“They were communicating to leaders that it did not feel good to throw perfectly good food away each night – especially when they saw or knew people in need, sometimes right outside our stores,” Olson said. “Our partners’ call to action prompted leadership to figure out how we could donate all our food, not just pastries, in a safe and consistent manner. This program not only answers our partners’ desire to do the right thing, it empowers them to do so every single day.”

Starbucks reached out to Feeding America, the nation’s largest hunger relief organization, which helped the company partner with local food banks and other groups.

In FoodShare’s first year, more than 1 million meals have been donated, said Olson. And by 2020, when the program is fully up to scale, the program expects to donate more than 50 million meals each year.

For the last few years, Starbucks store manager Athena Wright and partners from her store have been volunteering regularly to help prepare meeals for the hungry. Thursday, they were at the FoodShare event.

"We were excited about FoodShare from the beginning," she said. "Partners are passionate about it. They are the ones who prepare the donations and make sure it is available for pick up every night. The way that (Starbucks) is globally responsible is amazing. We're always looking to incorporate ourselves into something positive."

In New York, two out of five households are living at or below the poverty line and struggle to afford the basics of life, said Stephens. “Food is used as an elastic expense. You must pay the rent and the utility bill but you can decide not to spend money on food to meet other expenses.”

Smith said she can relate to that struggle. “Food is very expensive in New York,” she said. As the parent of two children, she knows what it takes to feed a family and how to juggle. She feels for those who don’t have the resources to take care of the basics.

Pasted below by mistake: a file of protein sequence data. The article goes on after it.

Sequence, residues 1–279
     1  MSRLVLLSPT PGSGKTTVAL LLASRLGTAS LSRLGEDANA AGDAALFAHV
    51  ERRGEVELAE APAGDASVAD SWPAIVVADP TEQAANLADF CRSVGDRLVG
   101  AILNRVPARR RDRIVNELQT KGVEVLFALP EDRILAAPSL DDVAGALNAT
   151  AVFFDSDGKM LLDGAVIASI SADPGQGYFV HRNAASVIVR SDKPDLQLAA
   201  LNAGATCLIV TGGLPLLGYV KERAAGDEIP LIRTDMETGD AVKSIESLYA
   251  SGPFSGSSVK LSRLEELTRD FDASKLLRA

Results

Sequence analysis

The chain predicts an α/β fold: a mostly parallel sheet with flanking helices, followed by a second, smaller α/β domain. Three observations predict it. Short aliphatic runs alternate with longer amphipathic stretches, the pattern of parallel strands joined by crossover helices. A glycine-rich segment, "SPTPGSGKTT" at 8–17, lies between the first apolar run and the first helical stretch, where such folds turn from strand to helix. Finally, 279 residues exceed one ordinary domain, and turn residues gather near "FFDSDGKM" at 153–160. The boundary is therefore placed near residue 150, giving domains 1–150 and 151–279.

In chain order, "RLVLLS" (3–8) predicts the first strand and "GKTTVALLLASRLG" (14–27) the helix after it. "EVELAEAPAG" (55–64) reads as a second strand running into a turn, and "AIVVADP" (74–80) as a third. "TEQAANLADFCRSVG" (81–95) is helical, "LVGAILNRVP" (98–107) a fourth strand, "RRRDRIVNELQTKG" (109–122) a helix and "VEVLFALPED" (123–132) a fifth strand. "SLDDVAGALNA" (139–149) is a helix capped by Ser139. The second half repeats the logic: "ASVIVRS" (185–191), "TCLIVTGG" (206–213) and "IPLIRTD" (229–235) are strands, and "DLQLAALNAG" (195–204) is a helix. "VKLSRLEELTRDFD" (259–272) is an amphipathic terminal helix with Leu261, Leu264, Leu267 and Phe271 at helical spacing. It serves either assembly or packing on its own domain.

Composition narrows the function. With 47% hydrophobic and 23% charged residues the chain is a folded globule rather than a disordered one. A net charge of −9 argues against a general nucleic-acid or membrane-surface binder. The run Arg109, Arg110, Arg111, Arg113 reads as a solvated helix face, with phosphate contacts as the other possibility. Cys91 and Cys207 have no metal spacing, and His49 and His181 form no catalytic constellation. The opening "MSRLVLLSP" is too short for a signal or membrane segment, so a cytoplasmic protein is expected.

Stephens said she thinks a lot about a man she met recently at a City Harvest market where people who live in areas without direct access to stores can go and pick out fruits and vegetables at no cost.

It was early morning and he had just come off working the night shift at a senior housing facility. Despite his job, he and his wife just can’t afford fresh fruits and vegetables for their four children. “He was so humble and appreciative,” she said. “He said the food was so important.”

Stephens said that those living in poverty know they should be trying to provide healthy food for their families (“We all get the same messages”), but that’s also typically the food that’s the most expensive.

More than a meal

Many of those who are socioeconomically challenged may not know where their next meal is coming from – much less have a choice about what kind of food it is, said Eric Cooper, president and chief executive officer of the San Antonio Food Bank, which began partnering with Starbucks FoodShare in February.

For them, nutrition isn’t always a given. And tantalizing taste can be a rare luxury. But with food donated by places like Starbucks, people are made to feel special, he said.

“Starbucks is known for the phenomenal tradition of hospitality and culture. The people and employees of Starbucks have the ability to make their customers feel special. ... Through FoodShare, we’re able to transport that culture to those in need,” he said.

Since February, about 50,000 pounds of food, or about 40,000 meals have been donated through FoodShare to the San Antonio Food Bank, said Cooper.

For many, food is more than just a meal. It has the power to transport someone to a simpler time or a fond memory, Cooper said. And providing someone with a good meal can show that you see their value.

“Even though food might be rescued, it doesn’t have to feel that way,” said Cooper. “Food has a power and ability to inspire and transport.”